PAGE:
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Driving innovations in manufacturing: Open Access research from DMEM

Strathprints makes available Open Access scholarly outputs by Strathclyde's Department of Design, Manufacture & Engineering Management (DMEM).

Centred on the vision of 'Delivering Total Engineering', DMEM is a centre for excellence in the processes, systems and technologies needed to support and enable engineering from concept to remanufacture. From user-centred design to sustainable design, from manufacturing operations to remanufacturing, from advanced materials research to systems engineering.

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Tough acts to follow: the challenges to science teachers presented by biotechnological progress

Bryce, Tom and Gray, Donald (2004) Tough acts to follow: the challenges to science teachers presented by biotechnological progress. International Journal of Science Education, 26 (6). pp. 717-733. ISSN 0950-0693

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Abstract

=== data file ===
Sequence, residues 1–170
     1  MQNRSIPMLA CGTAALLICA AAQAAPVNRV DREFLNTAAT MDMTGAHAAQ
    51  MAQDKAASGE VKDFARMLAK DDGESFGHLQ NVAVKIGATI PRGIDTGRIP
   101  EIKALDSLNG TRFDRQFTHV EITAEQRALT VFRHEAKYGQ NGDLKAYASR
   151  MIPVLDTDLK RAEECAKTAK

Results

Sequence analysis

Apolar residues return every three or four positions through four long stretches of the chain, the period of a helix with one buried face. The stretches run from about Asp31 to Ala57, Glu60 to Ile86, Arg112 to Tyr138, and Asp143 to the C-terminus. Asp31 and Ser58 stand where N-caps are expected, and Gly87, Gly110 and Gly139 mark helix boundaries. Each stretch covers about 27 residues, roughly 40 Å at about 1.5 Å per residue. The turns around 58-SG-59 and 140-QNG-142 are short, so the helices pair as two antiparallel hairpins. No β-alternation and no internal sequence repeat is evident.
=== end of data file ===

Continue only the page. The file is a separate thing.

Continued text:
The public controversies associated with biotechnological progress (genetic modification, cloning, and so forth) increasingly impact upon biology teaching in school; teachers find themselves engaged in discussions with pupils on value-laden issues deriving from the social and ethical implications of the 'new science'. The research described in this paper focused upon the thinking of a sample of 41 biology teachers as they endeavoured to implement the first year of the new Scottish Advanced Higher Biology course and to face the challenges associated with these controversies. Following questionnaire returns, the investigation employed semistructured, in-depth interviews with 10 teachers and, separately, with their 61 pupils (17-18 years of age) and was part of a medium-term to long-term evaluation of a university summer school that had endeavoured to update these teachers on recent biotechnological advances. While teachers were found to be fairly positively disposed to handling discussion of such contentious matters, they were none-too-clear as to its precise merits and functions; many lack confidence in handling discussion. The research indicates that much needs to be tackled by way of professional development for science teachers now engaged in dimensions new to science teaching.